Tell us about your Signature Course.
Considering the media as a point of reference, the first-year students are encouraged to learn, engage, and critically examine how social reality is constructed, how it unfolds, and by what means our opinions are shaped and processed. We explore the link between the content and images presented in the media and the way we communicate, socialize, interact, and think about others and ourselves. Through visual media, participant observation, weekly workshops, oral presentations, and writings, the students de-construct and analyze specific cultural content that is relevant to their world. The students are challenged to explore by what means the media frames and constructs meaning, perceptions, and conveys messages about their lives and the society. Weekly workshops are the hallmark of the class for they’re utilized to cultivate teamwork and collaborative discussions. Each week, the students examine one of the following issues: media and social construction of opinions, what’s behind the mean world syndrome, wireless culture and its addiction, relationships and consumption, commodification of childhood/adolescence, marketing gender, idealization of beauty and spoiled identity. Towards the end the semester, the course switches to a more constructive, unifying, and peaceful social discourse that challenge human objectification and commodification projected by the media conglomerates. What we see, what we believe teaches the ability to know how what we believe is due to what we see and hear. Moreover, the best way to grasp our own beliefs and strive for the truth is to examine the process more critically with a new perspective.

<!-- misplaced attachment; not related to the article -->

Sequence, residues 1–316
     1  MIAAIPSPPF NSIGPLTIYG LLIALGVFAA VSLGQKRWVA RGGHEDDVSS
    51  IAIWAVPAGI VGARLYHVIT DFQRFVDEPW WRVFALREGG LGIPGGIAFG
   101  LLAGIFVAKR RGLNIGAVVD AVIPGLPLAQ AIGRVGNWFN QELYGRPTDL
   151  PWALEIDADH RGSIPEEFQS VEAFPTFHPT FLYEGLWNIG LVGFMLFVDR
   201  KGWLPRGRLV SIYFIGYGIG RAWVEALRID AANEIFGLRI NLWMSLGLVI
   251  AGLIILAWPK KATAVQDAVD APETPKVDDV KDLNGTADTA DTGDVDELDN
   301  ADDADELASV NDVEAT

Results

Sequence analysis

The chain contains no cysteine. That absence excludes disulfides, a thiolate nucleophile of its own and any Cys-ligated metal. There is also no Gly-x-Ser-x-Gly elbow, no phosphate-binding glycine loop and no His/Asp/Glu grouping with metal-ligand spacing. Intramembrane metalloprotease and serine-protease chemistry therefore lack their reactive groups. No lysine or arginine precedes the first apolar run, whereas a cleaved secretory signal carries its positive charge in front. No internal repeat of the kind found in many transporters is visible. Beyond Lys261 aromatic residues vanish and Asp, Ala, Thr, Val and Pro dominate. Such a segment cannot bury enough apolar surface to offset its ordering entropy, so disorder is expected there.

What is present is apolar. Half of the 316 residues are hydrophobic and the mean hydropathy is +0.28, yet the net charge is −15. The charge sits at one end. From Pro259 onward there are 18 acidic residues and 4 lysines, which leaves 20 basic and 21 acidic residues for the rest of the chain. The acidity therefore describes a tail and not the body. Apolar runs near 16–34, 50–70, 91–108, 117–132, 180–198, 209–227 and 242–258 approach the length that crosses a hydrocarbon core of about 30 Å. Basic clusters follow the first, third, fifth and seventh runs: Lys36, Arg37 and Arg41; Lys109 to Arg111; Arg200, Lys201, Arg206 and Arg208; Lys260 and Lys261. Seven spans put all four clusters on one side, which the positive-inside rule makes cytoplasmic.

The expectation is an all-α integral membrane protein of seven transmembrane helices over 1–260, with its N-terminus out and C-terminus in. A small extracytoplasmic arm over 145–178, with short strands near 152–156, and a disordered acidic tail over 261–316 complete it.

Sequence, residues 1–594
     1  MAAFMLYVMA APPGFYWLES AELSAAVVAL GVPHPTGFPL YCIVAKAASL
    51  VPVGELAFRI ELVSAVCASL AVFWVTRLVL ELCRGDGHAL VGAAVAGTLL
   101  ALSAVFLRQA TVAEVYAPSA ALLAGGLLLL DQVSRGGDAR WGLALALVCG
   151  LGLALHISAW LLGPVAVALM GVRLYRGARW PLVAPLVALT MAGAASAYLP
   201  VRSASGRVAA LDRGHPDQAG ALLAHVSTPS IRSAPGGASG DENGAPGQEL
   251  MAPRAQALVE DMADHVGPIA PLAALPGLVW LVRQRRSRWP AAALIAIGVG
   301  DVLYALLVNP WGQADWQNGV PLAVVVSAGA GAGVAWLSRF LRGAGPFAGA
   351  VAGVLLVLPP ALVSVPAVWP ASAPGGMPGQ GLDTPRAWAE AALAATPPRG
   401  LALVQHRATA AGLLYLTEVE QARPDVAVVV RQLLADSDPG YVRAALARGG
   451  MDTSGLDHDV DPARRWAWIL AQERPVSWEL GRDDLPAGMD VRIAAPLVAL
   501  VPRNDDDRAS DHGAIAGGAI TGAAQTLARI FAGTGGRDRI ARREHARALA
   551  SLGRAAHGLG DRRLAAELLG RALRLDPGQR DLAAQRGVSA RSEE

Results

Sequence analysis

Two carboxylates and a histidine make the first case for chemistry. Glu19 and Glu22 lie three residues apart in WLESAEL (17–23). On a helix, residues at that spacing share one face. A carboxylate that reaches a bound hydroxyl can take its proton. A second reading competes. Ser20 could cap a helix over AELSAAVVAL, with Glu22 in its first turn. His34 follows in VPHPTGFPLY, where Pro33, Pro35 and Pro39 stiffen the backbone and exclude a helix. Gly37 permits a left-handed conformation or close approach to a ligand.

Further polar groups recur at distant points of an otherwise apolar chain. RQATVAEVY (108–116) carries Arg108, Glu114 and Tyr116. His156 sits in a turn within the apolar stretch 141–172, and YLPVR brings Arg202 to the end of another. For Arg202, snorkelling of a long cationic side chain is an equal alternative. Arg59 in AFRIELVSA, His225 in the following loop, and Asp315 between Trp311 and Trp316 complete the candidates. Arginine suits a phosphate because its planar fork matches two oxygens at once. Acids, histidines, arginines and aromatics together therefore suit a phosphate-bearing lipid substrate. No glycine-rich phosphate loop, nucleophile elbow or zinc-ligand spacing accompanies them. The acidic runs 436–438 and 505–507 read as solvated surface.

What is your favorite part about teaching a Signature Course?
Beyond the academic rewards, I especially cherish the idea that this course will strive to enlighten the students to develop better skills to more clearly understand the many facets of the media representation of the social reality and its ulterior motives. I appreciate the opportunity to give students a solid foundation to be successful academically, but to also be able to view the world with a more critical eye to seek out the truth. Students assert that this class is an “eye-opening” journey because it relates to their lives in a very constructive and tangible way. The course reflects on the students’ personal and social situations, with the objective to examine how connected these situations are to the students’ lives. By understanding the political and social-psychological processes that shape behavior, students are challenged to have greater awareness, become more sensitive to the human-related issues, and to be intellectually more inquisitive and mature. This awareness of course, may extend beyond university life. The students’ reflective assessments indicate that the course is highly valued and they refer to it as not only ‘informing’ but ‘transforming’. Knowing that the students find the course transforming is the reward.
What is your best piece of advice for first-year students?
The key focus of the Signature Course program is to offer an opportunity to the freshman students to explore new interests and engage in learning, writing, and to be equipped with critical thinking. The students are encouraged to use campus resources and participate in the University Lecture Series. My advice: do not take these resources for granted. The intimate aspect of the structure of the courses presents students with a unique opportunity to have an enhanced interaction with faculty and their peers. This offers great benefits because it can help students with writing letters, receiving nominations for awards and new programs, research projects, course material understanding, mentoring, etc. My general advice to the first-year students is to lead a life based on compassion, love and kindness to themselves and others.